Monday, February 25, 2013

Chris Christie's post-Sandy Bounce Holding Strong 4 Months Later, Buono (D) Barely On The Radar

Photo courtesy of Jewel Samad/AFP/Getty

From the standpoint of political popularity, it doesn't get much better than it currently is for New Jersey Governor Chris Christie (R). He assumed office in 2009 with a respectable 3.5 point victory over the incumbent Democrat, and remained reasonably well-liked, reforming state pensions and taking on the teachers union, in a state known for its preference for Democratic politicians.
But that all changed in the days following October 30, 2012. Hurricane Sandy made landfall in New Jersey, and Chris Christie made a very impassioned, and very public plea for aid for New Jersey residents. Furthermore, as President Obama toured the storm-ravaged area, just days before his reelection, Republican Christie heaped praise on him, to an excessive degree in the minds of many Romney supporters. The total effect of Christie's leadership and bipartisan cooperation in the wake of a devastating storm had a huge lifting affect on attitudes towards Christie personally, as well as the job he was doing in New Jersey. Even nationally, Christie saw a boost in his ratings.

That's why the much touted Newark Mayor, Cory Booker (D) decided against a 2013 gubernatorial run last month. At a point before Hurricane Sandy, Christie was viewed as vulnerable in 2013, and not just because he was your standard Republican running for reelection in a Democratic state, but also because Booker was particularly popular among the Democratic base. In fact, PPP found Booker beating Christie in a hypothetical race in July, 47-43%. Quinnipiac found him trailing just 46-42% in October, while also finding the little-known State Senator Barbara Buono losing by a to-be-expected 49-33% margin. But unfortunately for both of them, that's not the Chris Christie they will get to face in November 2013. No, the new, wildly popular, post-Sandy Christie led Booker in polling by anywhere from 14 to 18 points. As for the woman who is most likely to actually have to face Christie?...
Quinnipiac Poll, Feb 13-17, 2013; NJ Gubernatorial Race:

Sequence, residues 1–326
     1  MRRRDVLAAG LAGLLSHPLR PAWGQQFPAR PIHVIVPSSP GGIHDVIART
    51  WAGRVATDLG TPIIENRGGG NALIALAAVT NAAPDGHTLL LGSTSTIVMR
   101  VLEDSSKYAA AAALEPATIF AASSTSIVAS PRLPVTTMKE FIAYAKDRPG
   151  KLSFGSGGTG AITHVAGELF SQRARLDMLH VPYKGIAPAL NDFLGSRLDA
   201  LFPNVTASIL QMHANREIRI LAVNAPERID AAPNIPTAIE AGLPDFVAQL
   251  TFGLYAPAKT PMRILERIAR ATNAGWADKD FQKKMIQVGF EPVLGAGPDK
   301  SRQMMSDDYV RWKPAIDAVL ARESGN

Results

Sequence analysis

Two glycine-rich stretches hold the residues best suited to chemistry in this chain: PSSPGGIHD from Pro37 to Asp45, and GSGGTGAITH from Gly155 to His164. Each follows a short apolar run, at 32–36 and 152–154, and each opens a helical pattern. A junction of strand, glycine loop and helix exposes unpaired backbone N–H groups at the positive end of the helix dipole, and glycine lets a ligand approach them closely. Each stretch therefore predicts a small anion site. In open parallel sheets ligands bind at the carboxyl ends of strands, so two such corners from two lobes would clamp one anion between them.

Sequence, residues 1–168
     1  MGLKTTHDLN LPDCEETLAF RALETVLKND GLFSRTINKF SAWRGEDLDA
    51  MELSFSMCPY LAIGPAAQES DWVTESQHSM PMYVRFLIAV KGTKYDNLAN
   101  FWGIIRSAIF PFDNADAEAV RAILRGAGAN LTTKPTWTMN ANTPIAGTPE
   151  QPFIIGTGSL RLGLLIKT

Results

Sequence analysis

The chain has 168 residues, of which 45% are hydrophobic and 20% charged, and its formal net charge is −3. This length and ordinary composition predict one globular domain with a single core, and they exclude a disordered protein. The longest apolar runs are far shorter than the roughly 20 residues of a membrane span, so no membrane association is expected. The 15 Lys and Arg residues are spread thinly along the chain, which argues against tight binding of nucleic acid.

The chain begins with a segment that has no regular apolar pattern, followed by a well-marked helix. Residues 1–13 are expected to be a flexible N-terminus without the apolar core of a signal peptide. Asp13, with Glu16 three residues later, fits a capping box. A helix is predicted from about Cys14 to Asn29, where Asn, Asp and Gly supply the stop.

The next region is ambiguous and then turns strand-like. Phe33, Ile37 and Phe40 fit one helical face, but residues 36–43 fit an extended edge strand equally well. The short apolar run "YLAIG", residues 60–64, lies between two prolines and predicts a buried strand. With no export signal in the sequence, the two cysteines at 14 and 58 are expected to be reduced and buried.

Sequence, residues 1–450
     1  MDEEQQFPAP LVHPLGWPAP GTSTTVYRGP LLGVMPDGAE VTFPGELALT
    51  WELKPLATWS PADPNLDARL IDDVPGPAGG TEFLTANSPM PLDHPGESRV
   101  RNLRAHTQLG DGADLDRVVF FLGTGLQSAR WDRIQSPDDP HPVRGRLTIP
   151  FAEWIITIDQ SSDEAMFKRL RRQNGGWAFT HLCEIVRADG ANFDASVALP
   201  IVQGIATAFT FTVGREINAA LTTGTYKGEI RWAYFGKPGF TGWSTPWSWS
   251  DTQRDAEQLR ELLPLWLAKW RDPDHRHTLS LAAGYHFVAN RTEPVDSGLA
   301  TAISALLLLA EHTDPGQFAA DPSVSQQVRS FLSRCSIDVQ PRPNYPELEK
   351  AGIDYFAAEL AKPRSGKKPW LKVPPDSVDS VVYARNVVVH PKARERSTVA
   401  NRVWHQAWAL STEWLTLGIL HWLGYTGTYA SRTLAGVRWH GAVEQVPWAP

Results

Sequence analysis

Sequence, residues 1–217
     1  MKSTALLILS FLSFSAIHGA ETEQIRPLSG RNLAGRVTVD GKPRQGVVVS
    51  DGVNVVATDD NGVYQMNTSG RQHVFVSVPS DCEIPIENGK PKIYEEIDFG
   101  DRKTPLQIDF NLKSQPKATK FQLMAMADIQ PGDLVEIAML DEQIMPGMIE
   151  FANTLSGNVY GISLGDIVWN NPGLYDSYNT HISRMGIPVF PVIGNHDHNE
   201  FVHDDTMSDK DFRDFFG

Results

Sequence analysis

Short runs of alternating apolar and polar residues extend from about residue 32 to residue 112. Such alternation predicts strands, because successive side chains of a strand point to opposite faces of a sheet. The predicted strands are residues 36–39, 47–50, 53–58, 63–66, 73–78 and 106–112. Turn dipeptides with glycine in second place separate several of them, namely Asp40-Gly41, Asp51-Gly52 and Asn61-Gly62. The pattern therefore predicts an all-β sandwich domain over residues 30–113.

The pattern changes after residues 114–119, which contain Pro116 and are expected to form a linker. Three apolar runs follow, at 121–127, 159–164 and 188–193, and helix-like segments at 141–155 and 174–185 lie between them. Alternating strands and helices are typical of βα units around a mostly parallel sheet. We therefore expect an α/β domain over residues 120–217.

Chris Christie (R)  -  62%
Barbara Buono (D)  -  25%

She trails by a staggering 37 points. In a post on this blog in December, I argued that Cory Booker, as the Democrats strongest candidate, should still consider running for Governor, under the belief that Christie's post-Sandy job approval would inevitably fade. But as of today, his numbers have shown no recent signs of fading: Consider the below chart on Christie's job approval rating since he took office in 2010:

Compiled from TPM, The Argo Journal, and other random finds

As you can see, his post-Sandy job approval average is stratospheric, with 72% of New Jerseyans approving of the job he is doing, and just 1 in 5 voters disapproving. That's difficult for anyone to overcome, no matter how much the Democratic base loves Booker. Even Christie's pre-Sandy job approval average was strong (49/38%), though failing in comparison to where it stands today. And if Buono was struggling against Christie before Sandy, she's barely on the radar as of now. What makes a Republican like Christie have such a commanding lead over his Democratic foe, especially in a state that voted for Obama by 15 and 18 points in 2008 and 2012 respectively? Ironically, a one word answer is: Democrats.

Democrats are a big part of what is driving Christie's 62-25% lead against Buono. He attracts 31% of New Jersey Democrats, while Buono barely manages to scrape by with a majority of them (51%). The built in Democratic lead in partisan identification in New Jersey doesn't help that much when your Republican opponent attracts one-third of them. To understand how significant this is, consider the fact that Christie only managed to get 8% of the Democratic vote in his successful election in 2009. The sitting Governor at the time, Jon Corzine (D), won 86%. To illustrate the effect of Christie's numbers among Democrats, the table below depicts the results of the Quinnipiac poll had they found Buono doing at least as well with Democrats as Jon Corzine in 2009:

Christie would still lead Buono by double digits, 50-36%, but his lead is cut by more than half. Though in a state with a built-in advantage for the Democratic party, why is Buono still down double digits, despite winning 86% of Democrats?  You see, Buono has more electoral issues than just under-performing with her own party. Independent voters are backing Christie by an overwhelming margin, 68-18%. Christie did well w/ Independents against Jon Corzine in 2009, but not that well (he carried them 60-30%). Just for fun, the below table illustrates how the Quinnipiac poll would have looked if Buono had managed to do as well as Jon Corzine in 2009 with Independents AND Democrats:

Finally, Buono puts up a respectable showing, trailing 47-40%. But she's still behind. And Christie '09 is no Christie '13. He's a popular man, both nationally and in his home-state, and the post-Sandy polling boost has remained strong for four full months after the storm made landfall. Christie has eight months to blow it, but when you start with 3 quarters of the state loving you, you have an awful long way to fall before you are electorally vulnerable. Do I think it's likely Barbara Buono will win just 51% of Democrats in the end? No. But I do think she's fighting a losing battle.

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